How Perkins Paste and an Elvis obsession saved me

How Perkins Paste and an Elvis obsession saved me

Were you a fan? I mean a one-eyed, overly-enthusiastic fan – maybe even a fan of someone who wasn’t that popular at the time? Were you the kid who’d write the name of their hero on their school shirt with biro, or ink the hessian weave of their school backpack with a portrait of the one you loved?

Or maybe, with your mum’s help, you put Contact plastic on all your school exercise books, but only as a way of sealing in the goodness that was contained in the photos of ABBA or David Bowie or Prince or Peter Brock which you’d already stuck on the cover before allowing your mother to approach with the sticky plastic? (Fair play, you had to acknowledge her superior skills with Contact.)

Fandom is often portrayed as ridiculous. I prefer to think that it’s a brave heart that can show so much love.Credit:Kathleen Adele

These photos, depending on your age, were affixed using Perkins Paste, or Clag Glue, or – we’re coming into the ’90s here – a glue stick. Whatever the generation, the glue gave off a mesmerising, narcotic odour which only intensified the experience of staring into the eyes of your idol. With Perkins Paste, you could even eat a spoonful of the stuff just to complete the experience.

This week, talking to Baz Luhrmann about his Elvis movie, I thought I’d jump rank with the other interviewers by showing him the Elvis Presley scrapbook I created when I was 12 years old.

He was impressed, and why wouldn’t he be? A newsagent’s son, I’d assiduously – a cruel person would say “obsessively” – collected every single mention of Elvis that appeared in an Australian newspaper or magazine during the year 1971.

Austin Butler in Baz Luhrmann’s Elvis.Credit:Hugh Stewart/Warner Bros

There was not a publication in my father’s shop that was safe from my scissors. If Modern Motor or Best Bets or Women’s Own thought to give The King a mention, I’d be there, Perkins Paste at the ready.

Into my scrapbook it would go, with an accurate annotation of the date, publication, and page. I was operating a 1971 version of the Great Library of Alexandria, if the Great Library of Alexandria had only collected Elvis-related papyrus and had decorated every item with brightly coloured Texta.

At the time, Elvis wasn’t popular with my peers. The world had moved on. But for me, he was it.

My scrapbook, I’m sure, looks pathetic to some people. It makes it look like I had nothing else in my life. But here’s the thing: that’s accurate.

In 1971, my family moved from Sydney to Canberra. My parents were fighting. They sent me ahead to live with some friends of theirs for a few months, and then we rented a house in which there was a separate wing, probably built for a grandparent, and connected to the main building by a long corridor. This was where I lived, with a two-way radio so I could be told it was time to go to school.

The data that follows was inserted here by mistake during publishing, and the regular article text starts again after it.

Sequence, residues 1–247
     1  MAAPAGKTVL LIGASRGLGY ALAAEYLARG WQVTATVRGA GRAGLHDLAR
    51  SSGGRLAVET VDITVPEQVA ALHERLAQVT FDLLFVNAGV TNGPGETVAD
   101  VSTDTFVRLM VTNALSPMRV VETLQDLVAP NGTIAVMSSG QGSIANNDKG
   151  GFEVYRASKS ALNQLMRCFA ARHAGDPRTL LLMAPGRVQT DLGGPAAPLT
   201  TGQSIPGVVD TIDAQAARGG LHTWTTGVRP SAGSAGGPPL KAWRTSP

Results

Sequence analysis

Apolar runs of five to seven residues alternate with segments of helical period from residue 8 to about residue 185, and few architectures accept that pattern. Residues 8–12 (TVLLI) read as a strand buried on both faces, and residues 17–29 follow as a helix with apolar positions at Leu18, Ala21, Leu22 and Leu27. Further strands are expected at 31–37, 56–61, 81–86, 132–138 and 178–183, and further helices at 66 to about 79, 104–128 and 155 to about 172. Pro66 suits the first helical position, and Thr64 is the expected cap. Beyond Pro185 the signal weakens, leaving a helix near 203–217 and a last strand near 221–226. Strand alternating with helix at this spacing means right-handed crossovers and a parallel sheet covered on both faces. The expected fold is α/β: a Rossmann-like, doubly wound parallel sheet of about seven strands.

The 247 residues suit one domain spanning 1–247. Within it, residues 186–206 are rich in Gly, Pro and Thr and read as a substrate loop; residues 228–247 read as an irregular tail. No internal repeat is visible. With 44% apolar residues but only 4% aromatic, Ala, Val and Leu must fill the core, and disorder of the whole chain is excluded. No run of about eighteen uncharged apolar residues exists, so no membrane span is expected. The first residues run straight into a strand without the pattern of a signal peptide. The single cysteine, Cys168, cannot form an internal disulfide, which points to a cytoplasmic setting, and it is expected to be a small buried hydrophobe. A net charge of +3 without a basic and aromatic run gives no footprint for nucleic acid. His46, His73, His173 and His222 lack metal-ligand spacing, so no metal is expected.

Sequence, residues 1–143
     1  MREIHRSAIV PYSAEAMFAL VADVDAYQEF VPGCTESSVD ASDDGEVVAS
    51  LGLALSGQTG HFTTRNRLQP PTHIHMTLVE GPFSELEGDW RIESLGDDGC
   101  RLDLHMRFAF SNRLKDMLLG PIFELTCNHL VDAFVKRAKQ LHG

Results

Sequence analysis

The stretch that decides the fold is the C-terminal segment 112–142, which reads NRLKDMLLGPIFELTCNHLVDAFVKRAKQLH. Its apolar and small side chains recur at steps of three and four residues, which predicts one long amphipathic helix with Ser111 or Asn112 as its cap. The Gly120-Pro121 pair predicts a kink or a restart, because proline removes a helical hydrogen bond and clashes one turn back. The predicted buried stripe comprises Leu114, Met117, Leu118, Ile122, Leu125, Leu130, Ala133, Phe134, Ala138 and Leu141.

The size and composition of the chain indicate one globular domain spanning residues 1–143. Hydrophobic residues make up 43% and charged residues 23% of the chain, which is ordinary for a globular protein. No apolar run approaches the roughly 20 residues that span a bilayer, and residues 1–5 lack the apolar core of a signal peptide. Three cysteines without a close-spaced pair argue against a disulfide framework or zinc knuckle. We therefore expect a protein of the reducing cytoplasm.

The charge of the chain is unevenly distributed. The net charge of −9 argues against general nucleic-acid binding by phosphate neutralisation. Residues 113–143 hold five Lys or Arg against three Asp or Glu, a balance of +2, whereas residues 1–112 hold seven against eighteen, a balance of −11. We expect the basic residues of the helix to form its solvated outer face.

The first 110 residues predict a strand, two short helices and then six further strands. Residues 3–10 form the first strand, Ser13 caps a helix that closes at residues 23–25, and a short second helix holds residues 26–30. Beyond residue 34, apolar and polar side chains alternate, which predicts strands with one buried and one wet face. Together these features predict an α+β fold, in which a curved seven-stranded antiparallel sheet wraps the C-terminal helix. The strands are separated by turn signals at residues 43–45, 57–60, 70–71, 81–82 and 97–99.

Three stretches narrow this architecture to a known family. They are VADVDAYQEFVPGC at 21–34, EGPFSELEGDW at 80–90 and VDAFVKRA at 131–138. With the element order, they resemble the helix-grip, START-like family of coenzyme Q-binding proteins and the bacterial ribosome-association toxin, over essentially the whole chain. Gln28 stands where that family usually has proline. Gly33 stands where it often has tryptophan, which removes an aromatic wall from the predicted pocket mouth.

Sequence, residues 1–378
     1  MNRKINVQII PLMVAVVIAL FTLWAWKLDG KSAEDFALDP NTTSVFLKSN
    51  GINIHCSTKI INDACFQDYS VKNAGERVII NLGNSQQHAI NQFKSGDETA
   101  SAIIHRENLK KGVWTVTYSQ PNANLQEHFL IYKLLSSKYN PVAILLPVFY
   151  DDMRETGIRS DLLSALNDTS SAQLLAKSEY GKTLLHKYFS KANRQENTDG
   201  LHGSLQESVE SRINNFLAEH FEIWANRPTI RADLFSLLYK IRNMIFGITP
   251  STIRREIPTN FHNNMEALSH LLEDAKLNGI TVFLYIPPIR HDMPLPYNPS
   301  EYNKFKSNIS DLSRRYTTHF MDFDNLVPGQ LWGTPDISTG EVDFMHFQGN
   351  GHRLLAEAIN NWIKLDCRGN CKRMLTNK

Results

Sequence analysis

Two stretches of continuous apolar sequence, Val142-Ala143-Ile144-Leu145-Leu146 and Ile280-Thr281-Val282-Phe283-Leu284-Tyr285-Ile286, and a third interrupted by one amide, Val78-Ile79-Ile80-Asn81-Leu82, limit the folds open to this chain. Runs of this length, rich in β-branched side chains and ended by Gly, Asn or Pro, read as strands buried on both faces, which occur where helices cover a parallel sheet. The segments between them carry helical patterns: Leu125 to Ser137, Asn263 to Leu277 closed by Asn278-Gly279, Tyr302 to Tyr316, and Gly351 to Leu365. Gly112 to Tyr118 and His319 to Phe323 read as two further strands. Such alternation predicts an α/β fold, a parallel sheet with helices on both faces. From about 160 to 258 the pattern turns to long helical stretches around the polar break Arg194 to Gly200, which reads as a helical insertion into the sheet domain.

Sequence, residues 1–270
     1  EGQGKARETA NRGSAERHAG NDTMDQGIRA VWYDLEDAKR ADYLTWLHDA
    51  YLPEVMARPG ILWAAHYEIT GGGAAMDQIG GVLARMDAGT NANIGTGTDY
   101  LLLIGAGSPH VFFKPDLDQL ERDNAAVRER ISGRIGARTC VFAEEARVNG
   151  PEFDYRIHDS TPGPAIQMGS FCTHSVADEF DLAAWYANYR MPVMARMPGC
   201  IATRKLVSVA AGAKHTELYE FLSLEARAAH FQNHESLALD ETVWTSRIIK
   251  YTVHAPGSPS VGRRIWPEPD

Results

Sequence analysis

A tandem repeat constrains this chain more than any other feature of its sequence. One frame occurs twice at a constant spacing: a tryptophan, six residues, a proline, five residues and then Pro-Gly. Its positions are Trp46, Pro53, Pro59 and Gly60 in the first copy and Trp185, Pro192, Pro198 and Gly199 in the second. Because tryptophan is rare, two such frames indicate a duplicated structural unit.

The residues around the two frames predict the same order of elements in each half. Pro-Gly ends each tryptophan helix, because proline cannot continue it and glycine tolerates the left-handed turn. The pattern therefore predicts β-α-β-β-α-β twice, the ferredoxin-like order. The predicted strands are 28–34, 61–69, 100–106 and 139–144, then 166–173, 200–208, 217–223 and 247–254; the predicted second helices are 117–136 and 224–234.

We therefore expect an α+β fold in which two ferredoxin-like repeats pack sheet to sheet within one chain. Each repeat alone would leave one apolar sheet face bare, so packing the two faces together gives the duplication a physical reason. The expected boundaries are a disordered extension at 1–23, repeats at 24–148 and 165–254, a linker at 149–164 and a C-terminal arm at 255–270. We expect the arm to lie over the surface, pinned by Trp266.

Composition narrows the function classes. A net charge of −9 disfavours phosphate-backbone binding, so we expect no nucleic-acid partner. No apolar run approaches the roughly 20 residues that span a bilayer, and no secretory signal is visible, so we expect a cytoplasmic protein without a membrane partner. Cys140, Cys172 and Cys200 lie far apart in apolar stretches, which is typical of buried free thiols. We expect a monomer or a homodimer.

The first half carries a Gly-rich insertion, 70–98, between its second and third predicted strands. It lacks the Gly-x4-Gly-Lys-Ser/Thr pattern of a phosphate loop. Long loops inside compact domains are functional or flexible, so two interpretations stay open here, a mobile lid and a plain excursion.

Maybe they were trying to keep me away from the fighting, but it was a strange house to choose. That’s when Elvis swooped in and saved me. He became the loving figure in my life. I’m still grateful.

Soon my mother left. And then my father. I’ve written a book about this, should you wish to know more, but my account did not contain enough about Elvis, my love for him, and how fandom is a force for good.

The Australian writer Tabitha Carvan has recently written an excellent account of her own passion for a particular British actor. It’s called, This Is Not a Book About Benedict Cumberbatch.

Carvan describes her all-consuming affair, conducted with someone she’s never met. There’s her day-dreaming obsession, her pleasure in staring at his photo in a magazine, tracing the shape of his nose, or her delight in watching an episode of Sherlock for the hundredth time.

At first, she’s embarrassed to tell us all this, but the book charts her trip to self-acceptance. It’s not really about Benedict, she concludes. It’s about opening yourself to life, about treasuring your own tender heart. It’s about the right, in an over-burdened world, to indulge a pointless passion.

There’s a similar idea in the novel How to Be Famous by the British writer Caitlin Moran. “You can’t meet your heroes”, she writes at one point, “because they are, in the end, just an idea that lives inside you”.

What seems like obsession with a famous face can sometimes be more about defining yourself in relation to the world. For some it’s a football team, for others a racing car driver, a boy band, Elvis. What matters is the love, not the object to which it attaches.

And if only Perkins Paste were still available for purchase – in the hot pink pot with the white lid and built-in applicator – I’m sure I’d be transported back to that strange but happy bedroom, an Elvis tape playing, and a fresh pile of clippings to paste into my book.

Fandom is often portrayed as ridiculous. I prefer to think that it’s a brave heart that can show so much love.

Read more by Richard Glover

  • The perks (and minor pitfalls) of being a grandfather
  • The biggest hurdle that the new government faces? Shrinkflation
  • The perfect Mother’s Day gift – just add a ribbon
  • How many undies do you need? 16 tips to make travelling a breeze
  • I’m pleased we’re ditching the honorifics, and I’m an esquire
  • The meaning of life, the universe, and everything? Prawns

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